Belfast City Council has changed its rules so that it can continue to meet virtually - just two weeks before the legislation was set to expire.
This newspaper revealed last week that the future of meetings was up in the air, with officials scrambling to ensure the expiration date of May 7 did not pass without a resolution.
In March 2020 when the pandemic hit, the Coronavirus Act 2020 was given Royal Assent. Under Section 78 of the legislation, councils here were permitted to meet virtually, via apps like Zoom and Microsoft Teams.
As the legislation is time-limited and was passed via Westminster, differing speeds of England and Northern Ireland exiting lockdown meant the oversight could have seen local authorities here unable to meet remotely under law.
During a meeting of the city council's Strategic Policy and Resources Committee yesterday, City Solicitor John Walsh proposed changing the council's standing orders so the virtual meetings can continue.
"Essentially, the legislation that allows us to meet in the way we have been in recent months will expire... and there has been an oversight in putting in place new legislation that would allow us to operate in the way we have," he told councillors.
"I have a proposal, which I think is lawful, because I have looked at the 2014 Act that gives us a high level of discretion in terms of our standing orders. Essentially what I have done is taken what was in the coronavirus regulations regarding council meetings and I have adapted and incorporated them into a format that would sit with our standing orders.
"This means essentially, that any reference to place and being present is also construed as being present in an online context."
Sinn Fein's Seanna Walsh queried when face-to-face meetings will be able to take place.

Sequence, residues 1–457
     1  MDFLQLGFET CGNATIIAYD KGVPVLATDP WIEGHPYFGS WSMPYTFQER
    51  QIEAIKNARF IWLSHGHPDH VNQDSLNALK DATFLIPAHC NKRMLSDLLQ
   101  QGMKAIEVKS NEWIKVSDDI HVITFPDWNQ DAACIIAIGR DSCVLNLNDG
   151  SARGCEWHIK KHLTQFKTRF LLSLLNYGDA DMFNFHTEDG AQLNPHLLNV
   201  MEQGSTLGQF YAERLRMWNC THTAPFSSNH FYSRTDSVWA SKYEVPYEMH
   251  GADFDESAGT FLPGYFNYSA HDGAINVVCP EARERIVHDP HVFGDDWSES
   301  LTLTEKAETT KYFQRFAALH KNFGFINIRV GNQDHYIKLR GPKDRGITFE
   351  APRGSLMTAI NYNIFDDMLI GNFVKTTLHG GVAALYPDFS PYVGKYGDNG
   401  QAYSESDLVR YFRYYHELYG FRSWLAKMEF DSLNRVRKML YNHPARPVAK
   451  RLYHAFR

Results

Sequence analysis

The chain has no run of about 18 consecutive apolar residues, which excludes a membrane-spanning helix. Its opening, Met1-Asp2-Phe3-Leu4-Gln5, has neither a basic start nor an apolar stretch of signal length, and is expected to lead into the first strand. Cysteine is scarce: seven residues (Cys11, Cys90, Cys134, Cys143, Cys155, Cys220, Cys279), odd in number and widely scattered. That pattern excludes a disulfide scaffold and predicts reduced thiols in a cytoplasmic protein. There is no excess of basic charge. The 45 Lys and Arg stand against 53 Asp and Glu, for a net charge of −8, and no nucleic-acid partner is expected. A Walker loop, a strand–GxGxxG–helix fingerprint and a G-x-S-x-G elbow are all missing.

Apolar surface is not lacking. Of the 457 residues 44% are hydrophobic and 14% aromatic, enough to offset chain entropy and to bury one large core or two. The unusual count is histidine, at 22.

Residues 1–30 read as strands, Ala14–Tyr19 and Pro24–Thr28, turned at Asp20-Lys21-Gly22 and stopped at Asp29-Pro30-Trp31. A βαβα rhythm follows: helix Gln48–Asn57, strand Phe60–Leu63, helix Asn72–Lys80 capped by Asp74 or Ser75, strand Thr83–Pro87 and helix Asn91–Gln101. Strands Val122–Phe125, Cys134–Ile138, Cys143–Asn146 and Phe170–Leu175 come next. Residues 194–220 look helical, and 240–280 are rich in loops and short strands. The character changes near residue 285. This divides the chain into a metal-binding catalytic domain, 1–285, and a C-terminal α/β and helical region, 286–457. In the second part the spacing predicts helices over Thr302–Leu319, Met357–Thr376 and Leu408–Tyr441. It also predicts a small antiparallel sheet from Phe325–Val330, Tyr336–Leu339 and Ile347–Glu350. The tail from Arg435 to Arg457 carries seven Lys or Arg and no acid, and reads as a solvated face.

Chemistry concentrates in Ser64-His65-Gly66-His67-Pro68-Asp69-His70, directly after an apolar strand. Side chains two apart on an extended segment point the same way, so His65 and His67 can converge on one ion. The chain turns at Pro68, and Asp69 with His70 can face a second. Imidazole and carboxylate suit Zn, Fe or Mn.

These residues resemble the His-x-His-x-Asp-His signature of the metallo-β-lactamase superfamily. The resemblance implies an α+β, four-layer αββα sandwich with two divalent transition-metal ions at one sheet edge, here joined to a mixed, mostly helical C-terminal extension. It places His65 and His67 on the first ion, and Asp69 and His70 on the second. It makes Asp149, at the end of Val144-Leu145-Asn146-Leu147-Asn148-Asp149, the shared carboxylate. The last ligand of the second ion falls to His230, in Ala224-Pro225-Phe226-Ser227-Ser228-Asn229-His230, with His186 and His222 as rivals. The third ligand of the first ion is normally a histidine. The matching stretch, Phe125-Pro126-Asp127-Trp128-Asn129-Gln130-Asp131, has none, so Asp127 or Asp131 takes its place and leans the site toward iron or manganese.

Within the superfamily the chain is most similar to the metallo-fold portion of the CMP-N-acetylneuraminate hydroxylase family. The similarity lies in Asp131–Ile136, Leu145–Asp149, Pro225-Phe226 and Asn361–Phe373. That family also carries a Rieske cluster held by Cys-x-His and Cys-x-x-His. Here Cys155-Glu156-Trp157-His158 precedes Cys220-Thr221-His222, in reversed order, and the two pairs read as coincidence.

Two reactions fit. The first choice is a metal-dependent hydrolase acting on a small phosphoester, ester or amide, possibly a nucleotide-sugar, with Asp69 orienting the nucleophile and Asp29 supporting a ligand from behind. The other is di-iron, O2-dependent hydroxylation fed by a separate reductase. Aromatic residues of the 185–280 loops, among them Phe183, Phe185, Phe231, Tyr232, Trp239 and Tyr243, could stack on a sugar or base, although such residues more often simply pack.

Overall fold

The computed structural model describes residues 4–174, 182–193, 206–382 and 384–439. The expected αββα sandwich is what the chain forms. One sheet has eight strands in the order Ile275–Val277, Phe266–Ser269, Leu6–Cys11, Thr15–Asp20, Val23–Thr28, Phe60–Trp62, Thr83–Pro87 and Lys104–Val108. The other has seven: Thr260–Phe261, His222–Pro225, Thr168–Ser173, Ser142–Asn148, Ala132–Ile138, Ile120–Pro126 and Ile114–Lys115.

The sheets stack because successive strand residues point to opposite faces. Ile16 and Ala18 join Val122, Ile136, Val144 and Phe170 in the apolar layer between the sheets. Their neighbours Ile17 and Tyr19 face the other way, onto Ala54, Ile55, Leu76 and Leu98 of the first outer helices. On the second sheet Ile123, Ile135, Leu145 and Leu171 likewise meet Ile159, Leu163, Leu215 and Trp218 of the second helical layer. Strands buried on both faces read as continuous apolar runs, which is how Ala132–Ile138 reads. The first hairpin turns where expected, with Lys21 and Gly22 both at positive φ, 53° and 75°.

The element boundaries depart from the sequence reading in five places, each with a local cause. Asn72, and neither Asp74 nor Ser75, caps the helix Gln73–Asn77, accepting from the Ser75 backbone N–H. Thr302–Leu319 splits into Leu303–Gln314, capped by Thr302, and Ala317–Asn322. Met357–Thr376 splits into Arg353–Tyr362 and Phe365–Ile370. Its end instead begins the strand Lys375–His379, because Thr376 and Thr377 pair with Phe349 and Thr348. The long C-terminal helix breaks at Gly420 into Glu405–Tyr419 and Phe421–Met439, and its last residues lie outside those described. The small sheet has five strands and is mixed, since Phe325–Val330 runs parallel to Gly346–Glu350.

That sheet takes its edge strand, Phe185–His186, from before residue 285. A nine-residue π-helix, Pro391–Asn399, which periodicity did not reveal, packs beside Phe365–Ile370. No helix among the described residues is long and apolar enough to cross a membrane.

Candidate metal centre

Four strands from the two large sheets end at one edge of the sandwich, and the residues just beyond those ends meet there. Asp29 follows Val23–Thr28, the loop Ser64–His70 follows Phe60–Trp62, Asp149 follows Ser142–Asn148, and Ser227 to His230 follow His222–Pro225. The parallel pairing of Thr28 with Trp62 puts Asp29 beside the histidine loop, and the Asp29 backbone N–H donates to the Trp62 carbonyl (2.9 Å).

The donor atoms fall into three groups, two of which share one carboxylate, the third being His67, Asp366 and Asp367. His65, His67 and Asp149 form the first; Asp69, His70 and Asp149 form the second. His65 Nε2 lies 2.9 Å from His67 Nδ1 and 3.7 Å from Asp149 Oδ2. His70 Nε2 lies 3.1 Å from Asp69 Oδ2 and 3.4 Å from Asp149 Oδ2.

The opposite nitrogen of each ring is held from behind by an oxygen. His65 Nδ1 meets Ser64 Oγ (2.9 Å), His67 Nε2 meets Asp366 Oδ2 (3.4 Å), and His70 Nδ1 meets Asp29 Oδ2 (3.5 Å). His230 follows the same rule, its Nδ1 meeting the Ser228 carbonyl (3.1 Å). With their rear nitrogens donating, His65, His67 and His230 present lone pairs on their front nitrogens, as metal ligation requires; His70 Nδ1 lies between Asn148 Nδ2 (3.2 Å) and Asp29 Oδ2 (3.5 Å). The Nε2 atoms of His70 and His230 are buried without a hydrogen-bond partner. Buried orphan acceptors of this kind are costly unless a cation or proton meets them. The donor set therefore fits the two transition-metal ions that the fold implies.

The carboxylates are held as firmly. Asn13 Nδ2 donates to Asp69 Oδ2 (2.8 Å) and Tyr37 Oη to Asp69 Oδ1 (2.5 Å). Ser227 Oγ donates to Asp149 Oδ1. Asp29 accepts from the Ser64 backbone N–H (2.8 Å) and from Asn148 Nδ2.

The City Solicitor said they would be guided by the legislation, however, taking into account some councillors may have caring responsibilities - and the council's environmental responsibilities under its climate agenda - he believes that the "future will be in a hybrid format".
He revealed the council is exploring using the Great Hall in City Hall for committee meetings, so social distancing can be adhered to as it is a much larger room than those that committees occupy.
Chief executive Suzanne Wylie added that the current advice is to work from home where possible, so until that changes, they are testing out alternative arrangements for councillors who may not be able to work from their residence.
DUP council group leader Brian Kingston said it is the view of his party that councillors should return to physical meetings at City Hall "as soon as possible".
Councillors agreed, without a vote, to accept the City Solicitor's proposal to amend the standing orders.
According to council documents, the expiration of the remote working legislation is a UK-wide issue.
However, a briefing paper seen by this newspaper indicates Secretary of State for Housing, Communities and Local Government Robert Jenrick has no plans to extend the date in the near future.